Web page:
Casting char * & # 8594; QString, readability or clarity? (C ++ / Qt)

I am trying to add testclasses

to an existing Qt project and I came across this question:

void doSomething (QString str, int i) {..}

int main () {
    //Do I use
    doSomething("string", 0);
    doSomething(QString("string"), 0);


If I am not mistaken, it does the same internally as it char*

uses a constructor implicitly QString(char* c)


But which way is preferable?

I personally like implicit pronunciation as it is easier to read than calling a constructor, but I read in my C ++ book that implicit casting should be avoided whenever possible.


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3 answers

In fact, if you are using Qt5, the best approach is QStringLiteral()

. This not only means intent (compile-time constant QString

), but also (slightly) increases efficiency, because no run-time conversion is required from some mulitbit encoding to UTF-16.

If you need to use Qt4, then conditionally defines it yourself:

#ifndef QStringLiteral
#define QStringLiteral(x) (QString::fromUtf8(x))


Or, as Cuba Aubert commented, add

lessThan(QT_MAJOR_VERSION, 5): DEFINES += QStringLiteral=QString::fromUtf8


to your .pro file.

Quoting from Qt Documentation:

The macro generates data for a QString from str at compile time if the compiler supports it. Creating a QString from it is free this case, and the generated string data is saved in a read-only segment of the compiled object file.

For compilers that do not support compile-time string generation, QStringLiteral will fall back to QString :: fromUtf8 ().

If you have code similar to:

 if (node.hasAttribute("http-contents-length")) //... 


A temporary QString will be created and passed as the hasAttribute parameter. This can be quite expensive as it involves memory allocation and copying and converting data to QString internal encoding.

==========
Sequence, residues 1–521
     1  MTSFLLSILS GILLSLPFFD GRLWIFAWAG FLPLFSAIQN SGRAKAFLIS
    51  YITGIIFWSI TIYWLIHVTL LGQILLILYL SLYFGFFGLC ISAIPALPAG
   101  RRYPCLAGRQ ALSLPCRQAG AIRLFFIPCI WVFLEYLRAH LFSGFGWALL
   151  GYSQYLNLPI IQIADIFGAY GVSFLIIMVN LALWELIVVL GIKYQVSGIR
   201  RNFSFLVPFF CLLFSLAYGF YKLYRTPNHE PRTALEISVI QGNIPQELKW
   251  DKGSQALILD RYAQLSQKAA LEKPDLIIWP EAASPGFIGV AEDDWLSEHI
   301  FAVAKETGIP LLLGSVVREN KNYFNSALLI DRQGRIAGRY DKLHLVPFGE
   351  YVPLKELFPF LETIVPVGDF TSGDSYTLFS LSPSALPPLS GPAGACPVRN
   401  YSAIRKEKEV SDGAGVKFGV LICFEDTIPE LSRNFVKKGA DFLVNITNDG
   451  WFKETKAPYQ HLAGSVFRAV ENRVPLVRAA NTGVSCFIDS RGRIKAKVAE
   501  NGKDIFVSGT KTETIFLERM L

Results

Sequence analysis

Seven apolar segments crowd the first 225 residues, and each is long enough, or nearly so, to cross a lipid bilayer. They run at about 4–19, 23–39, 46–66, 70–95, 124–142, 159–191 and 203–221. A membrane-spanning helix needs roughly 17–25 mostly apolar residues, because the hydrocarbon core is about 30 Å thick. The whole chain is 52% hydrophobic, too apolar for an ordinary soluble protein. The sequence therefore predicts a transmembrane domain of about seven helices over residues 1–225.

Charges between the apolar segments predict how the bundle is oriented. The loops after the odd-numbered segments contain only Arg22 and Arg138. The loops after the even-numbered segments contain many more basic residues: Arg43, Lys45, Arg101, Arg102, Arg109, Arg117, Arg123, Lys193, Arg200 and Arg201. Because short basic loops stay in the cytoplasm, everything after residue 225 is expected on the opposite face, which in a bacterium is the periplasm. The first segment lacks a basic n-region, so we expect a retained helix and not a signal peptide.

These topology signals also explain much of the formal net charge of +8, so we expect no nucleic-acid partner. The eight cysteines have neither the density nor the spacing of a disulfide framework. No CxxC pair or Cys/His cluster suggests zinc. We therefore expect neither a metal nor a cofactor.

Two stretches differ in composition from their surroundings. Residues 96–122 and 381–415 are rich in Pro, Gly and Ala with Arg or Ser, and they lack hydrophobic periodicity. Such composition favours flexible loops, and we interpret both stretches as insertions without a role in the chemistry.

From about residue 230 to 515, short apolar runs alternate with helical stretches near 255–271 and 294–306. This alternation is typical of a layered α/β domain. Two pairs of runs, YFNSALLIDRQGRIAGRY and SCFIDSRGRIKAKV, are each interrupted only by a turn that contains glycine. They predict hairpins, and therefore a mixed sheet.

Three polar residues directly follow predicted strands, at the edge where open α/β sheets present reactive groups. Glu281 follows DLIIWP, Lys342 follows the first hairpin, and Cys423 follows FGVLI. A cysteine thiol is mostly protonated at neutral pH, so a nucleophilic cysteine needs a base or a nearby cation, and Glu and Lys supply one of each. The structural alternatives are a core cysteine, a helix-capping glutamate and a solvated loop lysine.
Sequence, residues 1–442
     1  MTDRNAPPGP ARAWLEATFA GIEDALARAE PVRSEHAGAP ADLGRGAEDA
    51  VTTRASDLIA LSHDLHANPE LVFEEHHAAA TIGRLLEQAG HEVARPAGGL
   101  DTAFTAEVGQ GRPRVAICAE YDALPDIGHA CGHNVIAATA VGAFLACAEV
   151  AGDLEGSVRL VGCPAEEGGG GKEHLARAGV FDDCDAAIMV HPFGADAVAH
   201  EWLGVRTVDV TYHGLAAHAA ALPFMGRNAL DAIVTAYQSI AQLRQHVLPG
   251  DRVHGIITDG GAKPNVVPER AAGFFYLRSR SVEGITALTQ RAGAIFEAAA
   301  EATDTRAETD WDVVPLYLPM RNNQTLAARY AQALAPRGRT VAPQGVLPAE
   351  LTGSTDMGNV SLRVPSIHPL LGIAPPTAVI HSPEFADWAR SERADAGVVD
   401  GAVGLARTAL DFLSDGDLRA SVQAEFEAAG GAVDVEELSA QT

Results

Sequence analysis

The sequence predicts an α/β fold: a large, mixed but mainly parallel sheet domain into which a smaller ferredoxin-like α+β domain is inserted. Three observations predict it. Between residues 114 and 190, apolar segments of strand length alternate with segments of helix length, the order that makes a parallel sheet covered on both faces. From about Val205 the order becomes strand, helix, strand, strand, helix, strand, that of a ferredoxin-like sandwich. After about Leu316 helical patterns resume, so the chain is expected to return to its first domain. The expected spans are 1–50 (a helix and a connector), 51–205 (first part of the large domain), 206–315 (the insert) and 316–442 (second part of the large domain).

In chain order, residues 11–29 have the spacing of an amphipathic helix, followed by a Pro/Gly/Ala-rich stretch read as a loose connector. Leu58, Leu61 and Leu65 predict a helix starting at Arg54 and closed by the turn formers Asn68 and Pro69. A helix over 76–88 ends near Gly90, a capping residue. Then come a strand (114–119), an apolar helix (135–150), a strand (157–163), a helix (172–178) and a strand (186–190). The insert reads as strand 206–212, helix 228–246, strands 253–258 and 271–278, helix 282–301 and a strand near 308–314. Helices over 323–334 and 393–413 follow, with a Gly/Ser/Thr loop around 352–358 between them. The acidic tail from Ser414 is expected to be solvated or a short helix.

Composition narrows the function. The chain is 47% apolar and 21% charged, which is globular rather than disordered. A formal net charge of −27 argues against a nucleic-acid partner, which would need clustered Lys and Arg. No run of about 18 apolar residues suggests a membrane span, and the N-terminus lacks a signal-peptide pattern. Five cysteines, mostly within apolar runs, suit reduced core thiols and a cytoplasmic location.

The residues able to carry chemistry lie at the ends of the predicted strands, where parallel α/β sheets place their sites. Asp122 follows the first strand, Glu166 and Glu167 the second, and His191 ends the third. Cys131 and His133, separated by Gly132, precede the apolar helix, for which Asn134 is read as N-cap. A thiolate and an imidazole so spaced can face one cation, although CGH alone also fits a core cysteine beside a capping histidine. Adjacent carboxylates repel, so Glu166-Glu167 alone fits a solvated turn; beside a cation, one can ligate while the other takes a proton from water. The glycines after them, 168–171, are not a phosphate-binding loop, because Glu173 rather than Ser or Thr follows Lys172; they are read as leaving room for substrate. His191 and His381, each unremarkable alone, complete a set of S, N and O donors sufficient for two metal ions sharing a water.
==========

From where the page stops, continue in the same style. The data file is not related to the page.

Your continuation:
This can be avoided by doing

if (node.hasAttribute(QStringLiteral("http-contents-length"))) //...


Then the internal QString data will be generated at compile time and no conversion or allocation will occur at startup

Using a QStringLiteral instead of a double quoted ascii literal can significantly speed up the creation of a QString from the data known at compile time.

If the compiler is C ++ 11 enabled, the str string may actually contain unicode.



Actually, in the case of Qt, the answer is not. You should use instead QObject::tr()

. You may not need a translation in every project, but it is much better to have the right habit rather than review the source later and fix it.

If translation of this line is not required, I recommend using static functions , or instead of implicit or explicit actuation:QString




int main () {
    doSomething( QString::fromAscii( "string" ), 0);




As you said, if the first parameter of the doSomething () method is QString, the right object will be initialized, if you pass a 'const char *', it becomes clearer, easier to read and the result is the same.

Your book says you should avoid implicit casting and that is not bad advice. In many cases in C ++, you are likely to be confused by the automatic (and hidden) behavior. But if you are writing a program using Qt frameworks, you might want to use QString instead of std :: string or char * in most cases. I think the implicit conversion is explicit enough and shouldn't cause any problems in your development.



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